Epitope mapping is a method that is often employed to identify the antigen binding sites of an antibody. However, epitope mapping can also be used in other protein interactions with high affinity, including those with proteins, chemicals, and DNA. RayBiotech’s peptide array-based epitope mapping service uses high-quality peptides that are chemically synthesized, thereby negating many of the steps and time required with the traditional approach that involves recombinant cloning, expression, and purification of different regions of the target gene.
RayBiotech’s comprehensive epitope mapping service includes peptide design and synthesis, array printing, sample testing, and report generation. Just send us your samples, and we’ll send you the report!
In addition to custom epitope mapping arrays, RayBiotech offers pre-designed peptide panels for popular drug targets. For more information, please contact our technical support team at [email protected].
RayBiotech’s peptide-based epitope mapping arrays are prepared by first printing overlapping, chemically-synthesized peptides (> 95% purity) spanning the length of the protein-of-interest onto a glass slide surface in an arrayed format, with each peptide spotted in triplicate. Multiple positive and negative controls are also printed onto the array to monitor each incubation step. Purified antibodies or bodily fluids containing antibodies are then diluted and incubated on the peptide arrays, during which the antibodies specifically bind to the peptides displaying their sequence-of-interest. After unbound antibodies are washed off the array, a biotin-conjugated secondary antibody (e.g., anti-human IgG, mouse IgG) and a fluorescence dye-conjugated streptavidin molecule are added to the array to enable the detection of bound antibodies bound. Fluorescent signal is then captured using a laser scanner. Since the peptide sequence of each spot is known, the antibody’s potential epitope(s) can be ascertained.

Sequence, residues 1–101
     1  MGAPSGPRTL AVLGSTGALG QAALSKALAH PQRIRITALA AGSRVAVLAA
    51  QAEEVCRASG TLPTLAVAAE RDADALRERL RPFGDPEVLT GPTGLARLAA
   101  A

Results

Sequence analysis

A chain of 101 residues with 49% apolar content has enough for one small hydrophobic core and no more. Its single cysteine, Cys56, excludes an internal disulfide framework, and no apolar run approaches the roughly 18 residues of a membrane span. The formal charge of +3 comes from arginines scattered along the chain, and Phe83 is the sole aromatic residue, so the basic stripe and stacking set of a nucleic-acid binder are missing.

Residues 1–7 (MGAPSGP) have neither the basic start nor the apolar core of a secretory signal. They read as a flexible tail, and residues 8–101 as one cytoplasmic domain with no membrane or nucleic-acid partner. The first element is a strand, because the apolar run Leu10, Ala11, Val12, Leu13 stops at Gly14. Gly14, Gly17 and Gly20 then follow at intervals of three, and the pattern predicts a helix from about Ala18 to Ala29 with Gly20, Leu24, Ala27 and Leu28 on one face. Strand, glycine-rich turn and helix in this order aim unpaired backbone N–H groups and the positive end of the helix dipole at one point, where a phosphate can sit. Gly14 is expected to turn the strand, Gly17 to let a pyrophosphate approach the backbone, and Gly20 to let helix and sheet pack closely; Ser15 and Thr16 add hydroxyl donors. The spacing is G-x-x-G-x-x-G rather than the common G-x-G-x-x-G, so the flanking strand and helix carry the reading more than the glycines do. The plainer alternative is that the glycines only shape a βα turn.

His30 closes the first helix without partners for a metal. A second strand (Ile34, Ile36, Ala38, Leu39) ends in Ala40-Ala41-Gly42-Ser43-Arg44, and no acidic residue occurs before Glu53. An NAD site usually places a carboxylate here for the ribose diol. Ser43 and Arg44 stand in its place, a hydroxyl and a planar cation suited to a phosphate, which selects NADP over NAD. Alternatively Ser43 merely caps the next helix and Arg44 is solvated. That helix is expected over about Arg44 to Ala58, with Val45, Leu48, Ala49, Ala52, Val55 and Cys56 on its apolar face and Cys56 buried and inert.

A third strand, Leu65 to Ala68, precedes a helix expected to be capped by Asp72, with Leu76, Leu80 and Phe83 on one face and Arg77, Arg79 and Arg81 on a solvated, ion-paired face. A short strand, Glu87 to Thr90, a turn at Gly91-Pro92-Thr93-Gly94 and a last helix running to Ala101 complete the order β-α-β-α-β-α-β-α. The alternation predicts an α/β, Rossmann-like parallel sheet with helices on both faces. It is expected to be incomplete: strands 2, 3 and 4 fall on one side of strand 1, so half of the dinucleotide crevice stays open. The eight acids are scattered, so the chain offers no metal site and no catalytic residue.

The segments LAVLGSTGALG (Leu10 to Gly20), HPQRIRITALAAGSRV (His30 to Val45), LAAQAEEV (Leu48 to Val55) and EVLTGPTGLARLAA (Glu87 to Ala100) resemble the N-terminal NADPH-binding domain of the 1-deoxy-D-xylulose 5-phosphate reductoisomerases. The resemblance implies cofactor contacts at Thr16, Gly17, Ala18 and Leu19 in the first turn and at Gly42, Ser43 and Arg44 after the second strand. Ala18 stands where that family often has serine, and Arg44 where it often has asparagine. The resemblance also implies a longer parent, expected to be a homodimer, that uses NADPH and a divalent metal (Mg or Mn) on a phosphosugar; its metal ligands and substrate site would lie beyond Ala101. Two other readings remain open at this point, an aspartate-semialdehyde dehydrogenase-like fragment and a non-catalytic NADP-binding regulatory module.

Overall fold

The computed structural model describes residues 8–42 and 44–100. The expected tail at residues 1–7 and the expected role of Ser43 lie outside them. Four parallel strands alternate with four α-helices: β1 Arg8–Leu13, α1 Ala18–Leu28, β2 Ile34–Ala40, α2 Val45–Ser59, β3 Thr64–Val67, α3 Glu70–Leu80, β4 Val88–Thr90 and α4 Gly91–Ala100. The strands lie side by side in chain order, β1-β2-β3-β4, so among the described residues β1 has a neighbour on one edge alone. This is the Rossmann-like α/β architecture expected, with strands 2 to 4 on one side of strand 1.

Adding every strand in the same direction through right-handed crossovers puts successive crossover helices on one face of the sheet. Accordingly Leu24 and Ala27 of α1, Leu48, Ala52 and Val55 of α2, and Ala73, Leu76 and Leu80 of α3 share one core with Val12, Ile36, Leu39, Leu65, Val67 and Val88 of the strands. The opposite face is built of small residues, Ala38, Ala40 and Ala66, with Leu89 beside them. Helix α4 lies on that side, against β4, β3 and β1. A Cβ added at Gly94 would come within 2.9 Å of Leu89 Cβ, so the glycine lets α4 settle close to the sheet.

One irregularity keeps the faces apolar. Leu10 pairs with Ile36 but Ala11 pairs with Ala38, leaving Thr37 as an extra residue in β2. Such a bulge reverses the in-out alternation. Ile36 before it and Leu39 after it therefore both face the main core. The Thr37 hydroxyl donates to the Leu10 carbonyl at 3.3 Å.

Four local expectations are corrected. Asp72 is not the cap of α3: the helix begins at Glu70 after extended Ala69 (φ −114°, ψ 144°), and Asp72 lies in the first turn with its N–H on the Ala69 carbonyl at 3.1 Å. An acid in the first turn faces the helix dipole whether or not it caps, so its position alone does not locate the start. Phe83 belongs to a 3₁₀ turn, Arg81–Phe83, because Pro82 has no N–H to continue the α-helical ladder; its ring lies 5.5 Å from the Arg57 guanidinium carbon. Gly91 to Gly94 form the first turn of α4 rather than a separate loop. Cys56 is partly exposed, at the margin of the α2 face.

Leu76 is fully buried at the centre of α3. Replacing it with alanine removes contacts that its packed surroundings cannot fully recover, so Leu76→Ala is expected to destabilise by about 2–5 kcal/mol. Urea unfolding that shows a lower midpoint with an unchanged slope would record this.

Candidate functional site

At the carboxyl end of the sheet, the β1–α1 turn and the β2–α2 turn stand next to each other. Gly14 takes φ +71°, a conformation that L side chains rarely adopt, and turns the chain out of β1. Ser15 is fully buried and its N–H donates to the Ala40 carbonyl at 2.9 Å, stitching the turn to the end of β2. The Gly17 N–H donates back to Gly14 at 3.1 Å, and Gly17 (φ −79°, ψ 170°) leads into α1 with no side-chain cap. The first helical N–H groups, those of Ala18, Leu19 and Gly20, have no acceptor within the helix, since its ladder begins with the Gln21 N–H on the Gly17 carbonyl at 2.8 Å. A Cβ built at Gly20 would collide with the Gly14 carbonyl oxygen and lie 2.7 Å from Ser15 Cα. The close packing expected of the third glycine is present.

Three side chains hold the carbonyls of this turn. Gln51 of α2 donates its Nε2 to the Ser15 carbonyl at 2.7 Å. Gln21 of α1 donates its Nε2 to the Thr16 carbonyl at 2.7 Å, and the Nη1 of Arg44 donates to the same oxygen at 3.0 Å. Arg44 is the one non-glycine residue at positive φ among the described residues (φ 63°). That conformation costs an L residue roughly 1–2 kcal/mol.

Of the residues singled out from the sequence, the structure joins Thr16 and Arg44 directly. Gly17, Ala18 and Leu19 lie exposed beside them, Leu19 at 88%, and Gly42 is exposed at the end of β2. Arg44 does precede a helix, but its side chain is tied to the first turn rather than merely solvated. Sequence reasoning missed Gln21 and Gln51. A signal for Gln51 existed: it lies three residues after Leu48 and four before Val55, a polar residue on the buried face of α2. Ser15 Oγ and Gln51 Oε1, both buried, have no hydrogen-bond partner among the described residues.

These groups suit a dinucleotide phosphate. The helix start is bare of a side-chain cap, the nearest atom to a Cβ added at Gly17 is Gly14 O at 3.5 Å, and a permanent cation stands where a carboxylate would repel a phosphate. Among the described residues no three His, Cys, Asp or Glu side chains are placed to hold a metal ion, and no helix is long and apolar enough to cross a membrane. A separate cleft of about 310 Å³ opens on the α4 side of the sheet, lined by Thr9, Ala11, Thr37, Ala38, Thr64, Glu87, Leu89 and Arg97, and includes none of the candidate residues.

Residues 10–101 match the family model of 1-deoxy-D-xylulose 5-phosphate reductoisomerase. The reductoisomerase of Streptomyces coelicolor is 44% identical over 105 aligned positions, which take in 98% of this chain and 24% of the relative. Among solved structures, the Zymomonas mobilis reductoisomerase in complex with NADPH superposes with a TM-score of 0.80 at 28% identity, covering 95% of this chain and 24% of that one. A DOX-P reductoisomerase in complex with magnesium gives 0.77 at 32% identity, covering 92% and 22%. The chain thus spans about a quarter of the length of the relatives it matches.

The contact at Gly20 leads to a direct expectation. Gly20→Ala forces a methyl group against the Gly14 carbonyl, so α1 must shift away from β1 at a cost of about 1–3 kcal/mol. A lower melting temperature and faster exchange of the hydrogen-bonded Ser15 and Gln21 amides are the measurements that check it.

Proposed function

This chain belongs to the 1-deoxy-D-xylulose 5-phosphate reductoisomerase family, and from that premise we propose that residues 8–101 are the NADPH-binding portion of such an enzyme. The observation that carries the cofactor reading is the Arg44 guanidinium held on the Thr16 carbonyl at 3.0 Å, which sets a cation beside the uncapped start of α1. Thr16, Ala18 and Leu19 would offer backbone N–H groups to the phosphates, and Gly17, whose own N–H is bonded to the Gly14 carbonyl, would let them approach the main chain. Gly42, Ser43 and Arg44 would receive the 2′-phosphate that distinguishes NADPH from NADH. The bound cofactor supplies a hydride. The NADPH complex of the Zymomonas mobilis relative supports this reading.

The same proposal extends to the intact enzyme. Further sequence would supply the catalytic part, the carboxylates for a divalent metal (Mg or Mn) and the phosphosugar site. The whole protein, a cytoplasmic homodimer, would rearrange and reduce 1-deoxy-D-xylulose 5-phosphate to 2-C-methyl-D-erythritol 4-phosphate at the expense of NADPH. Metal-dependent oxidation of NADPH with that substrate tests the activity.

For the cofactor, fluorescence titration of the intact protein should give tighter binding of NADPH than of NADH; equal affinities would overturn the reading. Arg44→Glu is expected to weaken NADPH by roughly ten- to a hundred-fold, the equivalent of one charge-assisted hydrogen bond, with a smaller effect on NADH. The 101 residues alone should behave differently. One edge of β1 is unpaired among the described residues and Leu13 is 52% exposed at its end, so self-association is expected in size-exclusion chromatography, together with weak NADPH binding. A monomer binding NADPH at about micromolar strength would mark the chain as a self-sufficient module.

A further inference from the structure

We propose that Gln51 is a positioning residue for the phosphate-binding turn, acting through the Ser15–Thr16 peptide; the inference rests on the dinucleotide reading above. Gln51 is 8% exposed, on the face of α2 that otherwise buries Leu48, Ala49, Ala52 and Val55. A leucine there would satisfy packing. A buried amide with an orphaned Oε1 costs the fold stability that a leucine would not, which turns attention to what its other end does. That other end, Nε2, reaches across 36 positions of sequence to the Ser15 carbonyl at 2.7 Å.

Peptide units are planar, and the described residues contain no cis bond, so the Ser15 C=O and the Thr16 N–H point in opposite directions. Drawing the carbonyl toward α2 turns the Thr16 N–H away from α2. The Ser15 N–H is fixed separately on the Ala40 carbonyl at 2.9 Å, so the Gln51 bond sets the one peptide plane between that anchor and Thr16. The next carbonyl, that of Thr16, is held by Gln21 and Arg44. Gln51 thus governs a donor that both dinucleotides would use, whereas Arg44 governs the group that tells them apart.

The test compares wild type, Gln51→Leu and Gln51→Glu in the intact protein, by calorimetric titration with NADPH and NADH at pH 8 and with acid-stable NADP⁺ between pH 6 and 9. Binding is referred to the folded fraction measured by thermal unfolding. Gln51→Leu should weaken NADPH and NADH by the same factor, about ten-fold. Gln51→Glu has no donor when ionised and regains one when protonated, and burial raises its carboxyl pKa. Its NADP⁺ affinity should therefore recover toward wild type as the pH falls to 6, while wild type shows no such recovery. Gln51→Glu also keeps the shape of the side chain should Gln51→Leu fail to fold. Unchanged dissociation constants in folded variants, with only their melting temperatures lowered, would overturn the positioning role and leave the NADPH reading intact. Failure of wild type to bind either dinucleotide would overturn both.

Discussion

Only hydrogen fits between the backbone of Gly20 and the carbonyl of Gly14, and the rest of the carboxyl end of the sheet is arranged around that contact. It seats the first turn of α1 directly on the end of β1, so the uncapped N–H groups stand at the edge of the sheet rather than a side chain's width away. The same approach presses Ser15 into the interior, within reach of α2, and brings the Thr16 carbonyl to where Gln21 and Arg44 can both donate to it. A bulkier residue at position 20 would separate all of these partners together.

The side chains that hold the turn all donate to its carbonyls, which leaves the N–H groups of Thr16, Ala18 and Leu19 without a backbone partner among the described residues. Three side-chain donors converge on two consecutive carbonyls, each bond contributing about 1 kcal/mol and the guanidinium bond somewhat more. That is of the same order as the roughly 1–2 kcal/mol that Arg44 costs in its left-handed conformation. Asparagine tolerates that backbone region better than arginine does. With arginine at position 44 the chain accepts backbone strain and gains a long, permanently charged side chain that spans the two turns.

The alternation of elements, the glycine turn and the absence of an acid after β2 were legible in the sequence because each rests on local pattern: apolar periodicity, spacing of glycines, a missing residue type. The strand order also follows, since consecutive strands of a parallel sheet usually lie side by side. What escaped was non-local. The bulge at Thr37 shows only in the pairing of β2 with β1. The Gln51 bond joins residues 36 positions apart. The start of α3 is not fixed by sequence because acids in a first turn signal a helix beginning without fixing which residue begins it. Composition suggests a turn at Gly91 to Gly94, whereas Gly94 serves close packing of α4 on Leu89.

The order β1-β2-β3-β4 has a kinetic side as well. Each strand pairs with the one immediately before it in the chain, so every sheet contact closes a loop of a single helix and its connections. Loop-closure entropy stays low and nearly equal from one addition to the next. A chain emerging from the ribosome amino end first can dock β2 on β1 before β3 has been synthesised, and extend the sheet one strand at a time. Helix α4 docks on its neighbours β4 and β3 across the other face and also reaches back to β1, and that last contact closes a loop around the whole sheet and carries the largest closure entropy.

Results are presented as a fluorescent scan of the array (Figure 1) and in a table format (Table 1).
RayBiotech would like to thank Dr. Clemens Duerrschmid (Baylor College of Medicine, Houston, TX) for allowing us to present this data.